27th Nov 2020
It was a lovely, sunny day; great conditions for paragliding, with light thermals building. I’ve been doing paragliding for 24 years. It’s the simplest form of aviation that exists; you fly using a fabric wing, which keeps its form by the air pressure going into it. I think everyone wants to fly, there’s still a bit of the ancestral bird in us.
On this particular day I was setting off from Bo Peep Hill, on the South Downs in East Sussex, around 11am.
We were facing north east, into a north easterly breeze. The hill is about 600ft, which slopes quite steeply into the fields below. There was about 30 of us due to fly, which is quite a lot of paragliders, meaning you’re restricted as to what you can do.
I flew away from the hill, and thought ‘I need to do a nice tight circle here, to stay in this lifting air, and then get up above everybody else.’ I started my circle, checking there weren’t any other pilots around me. I started my circle and when I’d just done under about half, I realized I’d got it wrong and that I was in danger of going back into the hill with some force. I tried to tighten my turn, which actually makes the glider dive downwards. And so I hit the hill, quite hard. I was going at just over 30km an hour, descending at 6m per second. I landed flat on my back with an incredibly loud noise.
I was told I bounced. I was dazed but fully conscious, and could feel immediate pain in my upper spine. My arms, hands and legs were numb too. I was very conscious of the possibility that I’d done maybe serious spinal damage and that in those circumstances you don’t want to move. My son was there, so it was quite an alarming moment for him.
Very quickly people were around me, making sure my glider didn’t reinflate and pull me across the hill. We have a lot of first aiders as part of the club that I was flying with, who were quickly on hand to see if any immediate intervention was needed.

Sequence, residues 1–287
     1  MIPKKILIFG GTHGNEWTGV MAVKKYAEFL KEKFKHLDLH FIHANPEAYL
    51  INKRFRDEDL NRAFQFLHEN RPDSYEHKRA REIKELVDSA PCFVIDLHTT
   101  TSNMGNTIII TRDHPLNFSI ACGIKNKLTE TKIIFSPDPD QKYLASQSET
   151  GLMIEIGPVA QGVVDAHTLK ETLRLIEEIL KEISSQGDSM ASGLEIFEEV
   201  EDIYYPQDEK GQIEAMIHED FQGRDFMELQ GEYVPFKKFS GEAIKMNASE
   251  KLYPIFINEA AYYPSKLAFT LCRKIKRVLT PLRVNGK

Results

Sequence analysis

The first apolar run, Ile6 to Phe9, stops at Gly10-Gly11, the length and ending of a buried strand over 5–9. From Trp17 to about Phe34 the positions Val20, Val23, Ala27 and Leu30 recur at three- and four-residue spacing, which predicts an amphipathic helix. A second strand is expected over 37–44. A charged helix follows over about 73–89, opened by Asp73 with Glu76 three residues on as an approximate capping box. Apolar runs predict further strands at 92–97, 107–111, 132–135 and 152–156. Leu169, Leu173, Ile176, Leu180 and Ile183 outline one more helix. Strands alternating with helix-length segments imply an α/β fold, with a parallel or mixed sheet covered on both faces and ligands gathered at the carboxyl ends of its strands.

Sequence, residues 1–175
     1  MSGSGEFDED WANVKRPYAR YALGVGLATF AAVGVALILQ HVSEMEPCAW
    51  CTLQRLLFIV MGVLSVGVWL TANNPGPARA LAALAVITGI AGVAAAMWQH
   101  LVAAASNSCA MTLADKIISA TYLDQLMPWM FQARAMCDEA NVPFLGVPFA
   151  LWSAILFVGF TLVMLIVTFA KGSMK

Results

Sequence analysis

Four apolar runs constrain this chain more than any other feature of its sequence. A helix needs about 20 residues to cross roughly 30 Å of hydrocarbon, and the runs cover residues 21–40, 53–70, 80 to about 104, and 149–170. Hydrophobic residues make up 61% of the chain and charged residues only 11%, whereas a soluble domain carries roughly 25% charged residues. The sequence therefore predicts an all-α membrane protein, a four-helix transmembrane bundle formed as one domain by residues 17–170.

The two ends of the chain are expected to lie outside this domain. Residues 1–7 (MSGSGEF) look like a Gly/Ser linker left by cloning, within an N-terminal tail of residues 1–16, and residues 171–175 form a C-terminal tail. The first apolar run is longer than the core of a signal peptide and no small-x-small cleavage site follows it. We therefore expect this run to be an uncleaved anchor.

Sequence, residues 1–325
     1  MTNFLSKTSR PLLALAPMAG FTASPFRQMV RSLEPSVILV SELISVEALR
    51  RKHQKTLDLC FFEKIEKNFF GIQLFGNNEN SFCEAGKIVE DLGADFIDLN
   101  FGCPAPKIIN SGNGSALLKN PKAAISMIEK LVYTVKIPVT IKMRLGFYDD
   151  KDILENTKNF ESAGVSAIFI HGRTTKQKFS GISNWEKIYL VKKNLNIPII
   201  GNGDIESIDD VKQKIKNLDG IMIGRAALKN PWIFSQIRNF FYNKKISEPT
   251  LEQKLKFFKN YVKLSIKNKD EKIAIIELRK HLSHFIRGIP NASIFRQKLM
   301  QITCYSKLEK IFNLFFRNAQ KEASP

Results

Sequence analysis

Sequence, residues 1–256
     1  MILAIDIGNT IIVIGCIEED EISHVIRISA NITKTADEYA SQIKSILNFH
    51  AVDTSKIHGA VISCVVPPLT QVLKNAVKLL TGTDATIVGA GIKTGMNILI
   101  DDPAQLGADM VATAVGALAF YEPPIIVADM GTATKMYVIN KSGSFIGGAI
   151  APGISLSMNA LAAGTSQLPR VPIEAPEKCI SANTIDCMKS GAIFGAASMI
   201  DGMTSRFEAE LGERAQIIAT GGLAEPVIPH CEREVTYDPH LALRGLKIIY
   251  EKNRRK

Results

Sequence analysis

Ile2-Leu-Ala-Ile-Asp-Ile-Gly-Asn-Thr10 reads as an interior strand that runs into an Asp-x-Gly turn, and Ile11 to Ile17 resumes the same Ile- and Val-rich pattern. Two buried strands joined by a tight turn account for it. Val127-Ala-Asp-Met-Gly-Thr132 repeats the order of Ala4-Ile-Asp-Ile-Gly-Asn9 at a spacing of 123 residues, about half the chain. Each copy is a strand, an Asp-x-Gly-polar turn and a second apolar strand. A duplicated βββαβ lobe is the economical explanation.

The emergency services were called. They used the what3words app to pinpoint our location. An ambulance was dispatched, which arrived around the same time as the helicopter from KSS did.
The KSS medical team worked with the crew from the South East Coast Ambulance Service, to assess me from head to toe; they were very supportive and at all stages explained what was going to happen next. The team had to free me from my paragliding equipment and secure me to a stretcher; they were very methodical in their approach as they were concerned about potential spinal injuries.
I was taken to the Royal County Sussex Hospital where the professionalism and care from the crews on scene was matched by that of the hospital staff, who checked me over and took me for an urgent CT scan. Fortunately everything was fine, the numbness in my limbs began to subside and all that remained was a pain in my neck, which was in essence a soft tissue injury and thankfully nothing more serious.
On reflection, I know I really got away with it. A crash like mine could’ve been life changing. I’m so grateful for the resources, the care and the professionalism from all of the people involved. As it turned out I didn’t have any serious injuries, but the care that was taken by everyone who was there was incredible, and I feel so grateful for that.
In moments of intense pain or worry, having a calm, comforting, professional attendance around you, is of great benefit.
Air ambulance charities like KSS are such valuable assets for our communities. If you are unfortunate enough to be caught in circumstances where you need them, their help is vital. Just imagine if you were lying in a field, or someone you love was lying in a field, and needed quick, medical attention by really, really professional people. This service must be supported and donating to the charity is the best way of ensuring that life-saving service can be provided. I made a donation after my incident, and our paragliding club makes an annual donation as well.
Since the incident I’ve had a good think about paragliding, with my family too. I’ve thought about what happened, and what I need to do to make sure it doesn’t happen again. It’s been a good opportunity to think about the implications and what I need to do to make sure I work hard, continue to get it right, rather than get lax and do something wrong, which is what I did in June.
I’ve been back in the air since, and have been very cautious. I’m pleased to say though that I have the same passion for this sport, tempered by taking a bit more time to make key decisions.